Article submitted by Deanna Heisler, Norwela Council-Caddo District Director

Some Unit Serving Executives may be unfamiliar with the value of Exploring in driving growth for their council; however, by making use of available resources and utilizing key tactics, Unit Serving Executives can make Exploring an integral part of a successful growth strategy. 

So, what is Exploring? It is a mentorship opportunity for youth looking to discover their future. It is made possible by direct relationships in the community with businesses, departments, and municipalities. Exploring serves two different age groups, both coed. Exploring clubs serve middle schoolers, aged 10 – 14, in sixth through eighth grades. Exploring posts serve older youth 14 – 20 years old. The program model is the same for both age groups – hands-on and interactive character and career activities are facilitated by trained business leaders in your local community.

Pro tip: What major departments in your town would benefit from a youth program? Do any of these experience high turnover of employees? Who has adequate facilities ready for instruction of youth in an Exploring program? You would be surprised just how many you already know!

The Benefits of Exploring

You may be asking yourself, “Why is Exploring so beneficial to a council and a district?”

Exploring can: 

  • Impact the council JTE score
  • Boost council and district membership
  • Create community service opportunities
  • Build relationships and networking potential for new charter partners otherwise not involved in Scouting
  • Retain members by offering new and exciting challenges
  • Provide critical information to councils seeking the long term effects of the Scouting program

Many Scouters may be organizing Exploring posts and clubs for the very first time. If you’re one of these new Exploring leaders, don’t let planning a new program overwhelm you. There are multiple resources at your fingertips! Being familiar with the website makes you a fantastic resource to your units for information and quick answers on topics such as:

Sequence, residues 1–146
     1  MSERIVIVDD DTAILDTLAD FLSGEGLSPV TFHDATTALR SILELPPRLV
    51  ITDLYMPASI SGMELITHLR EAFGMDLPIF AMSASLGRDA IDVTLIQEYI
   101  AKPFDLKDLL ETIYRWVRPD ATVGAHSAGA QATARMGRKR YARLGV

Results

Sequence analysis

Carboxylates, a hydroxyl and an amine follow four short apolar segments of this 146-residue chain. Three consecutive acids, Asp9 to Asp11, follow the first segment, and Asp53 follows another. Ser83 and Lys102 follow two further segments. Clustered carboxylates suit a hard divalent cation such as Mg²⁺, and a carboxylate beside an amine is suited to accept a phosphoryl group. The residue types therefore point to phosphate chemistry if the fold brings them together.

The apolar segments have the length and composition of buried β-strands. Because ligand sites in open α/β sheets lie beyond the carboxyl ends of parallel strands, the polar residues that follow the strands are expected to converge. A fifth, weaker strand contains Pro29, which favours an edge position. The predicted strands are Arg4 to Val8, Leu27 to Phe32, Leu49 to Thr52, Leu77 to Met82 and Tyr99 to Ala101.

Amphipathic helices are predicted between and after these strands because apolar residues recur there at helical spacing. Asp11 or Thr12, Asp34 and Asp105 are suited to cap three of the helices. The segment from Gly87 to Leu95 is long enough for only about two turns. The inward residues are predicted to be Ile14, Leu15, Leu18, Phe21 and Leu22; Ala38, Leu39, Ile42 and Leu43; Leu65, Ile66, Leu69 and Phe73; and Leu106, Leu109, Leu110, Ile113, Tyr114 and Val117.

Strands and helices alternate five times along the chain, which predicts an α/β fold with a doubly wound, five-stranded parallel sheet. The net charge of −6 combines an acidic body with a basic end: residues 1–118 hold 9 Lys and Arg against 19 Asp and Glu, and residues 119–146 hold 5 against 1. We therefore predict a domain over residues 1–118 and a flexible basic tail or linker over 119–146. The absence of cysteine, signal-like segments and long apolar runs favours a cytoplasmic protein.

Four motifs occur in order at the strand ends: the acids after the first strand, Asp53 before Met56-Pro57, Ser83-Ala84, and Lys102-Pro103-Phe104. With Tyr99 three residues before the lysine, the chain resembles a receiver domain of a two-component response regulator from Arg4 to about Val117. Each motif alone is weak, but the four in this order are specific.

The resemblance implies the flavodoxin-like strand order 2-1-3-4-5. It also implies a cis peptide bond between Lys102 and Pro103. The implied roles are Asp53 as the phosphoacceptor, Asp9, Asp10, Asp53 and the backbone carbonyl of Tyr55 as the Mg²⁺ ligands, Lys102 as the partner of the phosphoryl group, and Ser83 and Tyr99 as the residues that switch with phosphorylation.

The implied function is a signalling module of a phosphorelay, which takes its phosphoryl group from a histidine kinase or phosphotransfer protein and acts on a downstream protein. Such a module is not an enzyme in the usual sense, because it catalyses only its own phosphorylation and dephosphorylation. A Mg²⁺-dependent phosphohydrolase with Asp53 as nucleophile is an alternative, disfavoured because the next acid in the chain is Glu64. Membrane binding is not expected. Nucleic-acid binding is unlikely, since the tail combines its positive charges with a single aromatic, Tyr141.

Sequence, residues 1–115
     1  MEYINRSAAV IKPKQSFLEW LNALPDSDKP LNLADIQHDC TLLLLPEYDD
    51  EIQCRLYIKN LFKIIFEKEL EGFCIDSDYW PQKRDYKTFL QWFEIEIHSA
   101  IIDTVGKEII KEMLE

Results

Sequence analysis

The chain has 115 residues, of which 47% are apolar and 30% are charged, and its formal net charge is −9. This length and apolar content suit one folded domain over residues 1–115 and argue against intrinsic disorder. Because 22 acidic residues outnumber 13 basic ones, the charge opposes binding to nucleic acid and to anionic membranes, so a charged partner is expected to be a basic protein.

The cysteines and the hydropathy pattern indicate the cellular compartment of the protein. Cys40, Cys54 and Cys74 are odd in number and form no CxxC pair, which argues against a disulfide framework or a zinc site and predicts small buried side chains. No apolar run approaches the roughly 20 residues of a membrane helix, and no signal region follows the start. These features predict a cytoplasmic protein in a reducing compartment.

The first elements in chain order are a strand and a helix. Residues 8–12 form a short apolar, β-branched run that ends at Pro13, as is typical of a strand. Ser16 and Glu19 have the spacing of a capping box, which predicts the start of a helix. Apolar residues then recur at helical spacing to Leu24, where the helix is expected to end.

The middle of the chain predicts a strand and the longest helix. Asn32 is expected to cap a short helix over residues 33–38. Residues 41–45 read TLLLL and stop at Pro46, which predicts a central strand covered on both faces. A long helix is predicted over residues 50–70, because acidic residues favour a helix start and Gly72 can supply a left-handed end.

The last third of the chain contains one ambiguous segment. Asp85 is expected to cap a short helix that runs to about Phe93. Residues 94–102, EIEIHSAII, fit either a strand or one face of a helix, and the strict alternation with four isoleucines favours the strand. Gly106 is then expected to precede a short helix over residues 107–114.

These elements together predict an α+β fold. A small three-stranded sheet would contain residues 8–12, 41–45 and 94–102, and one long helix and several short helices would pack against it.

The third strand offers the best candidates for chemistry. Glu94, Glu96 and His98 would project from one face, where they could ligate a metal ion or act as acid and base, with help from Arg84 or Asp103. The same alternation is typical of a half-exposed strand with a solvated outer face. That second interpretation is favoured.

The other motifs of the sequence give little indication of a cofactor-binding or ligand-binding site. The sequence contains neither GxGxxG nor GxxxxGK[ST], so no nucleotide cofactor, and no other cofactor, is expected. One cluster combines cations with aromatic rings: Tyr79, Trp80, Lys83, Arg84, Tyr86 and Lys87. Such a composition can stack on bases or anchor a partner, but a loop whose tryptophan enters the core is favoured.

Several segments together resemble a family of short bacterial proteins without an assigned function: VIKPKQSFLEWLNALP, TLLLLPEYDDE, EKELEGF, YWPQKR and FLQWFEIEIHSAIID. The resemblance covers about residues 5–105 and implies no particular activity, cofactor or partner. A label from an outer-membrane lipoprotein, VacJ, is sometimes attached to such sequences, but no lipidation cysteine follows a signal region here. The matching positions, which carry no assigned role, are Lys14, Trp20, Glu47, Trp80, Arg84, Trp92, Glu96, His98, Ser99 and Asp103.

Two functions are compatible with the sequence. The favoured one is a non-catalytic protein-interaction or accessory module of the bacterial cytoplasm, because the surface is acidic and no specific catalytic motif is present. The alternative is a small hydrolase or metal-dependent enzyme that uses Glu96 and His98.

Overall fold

• Planning hands-on activities, guest speakers, and field trips
  • Who to include in the planning process
  • Building an Exploring program calendar
  • Where to recruit

Timeline model for Exploring Success (full year):

First Quarter- Identify available opportunities (i.e. youth programs already in the area who would be a great partner, charter partners)

Second Quarter- Conduct Surveys at schools and schedule meetings with key individuals at departments/organizations

Third Quarter-Promote new clubs/posts to schools. Schedule/plan/complete open houses

Fourth Quarter- Train commissioners and establish an Exploring Officers Association if you don’t already have one. Host a super activity and help new units through the recharter process.

** Host quarterly Exploring meetings in addition to the above

Resources for Growing Exploring

With 12 different career fields and a multitude of subcategories, the Exploring program offers a repeatable model for standing up units in these different fields. Finding the right opportunities comes down to knowing the area and having the right tools to promote Exploring in your community. 

Marketing & Membership Hub for Exploring – Now, you can easily navigate to the most effective sales and recruitment tools to grow your Exploring programs.

Career-field-specific resources and PSA videos – The BSA Brand Center is your go-to source for a host of career-field-specific promotional resources, including videos. Did you know your local television stations will run public service announcements (PSAs) at no cost? You can find multiple PSAs in the Brand Center that you download and provide to your local TV station. Make the ask and have them to play these clips as often as possible through a certain date. 

Club anthem video and Career Interest Survey video – The BSA marketing team has been working hard to bring you even more testimonial assets to wow future Explorers and advisors. Check out the videos featuring Exploring clubs and the Career Interest Survey (CIS). The Career Interest Survey is a great tool for high school counselors, as well. It helps provide an opportunity to better serve their students as well as give you another tool to bring a potential charter partner to show the need from the youth in the community.

You can find many additional resources at and in the Exploring section of the BSA Brand Center

Scouting Wire would like to thank Deanna for submitting this article.

The post Thoughts on the Value of Starting Exploring Units in Your Council appeared first on Scouting Wire.

Powered by WPeMatico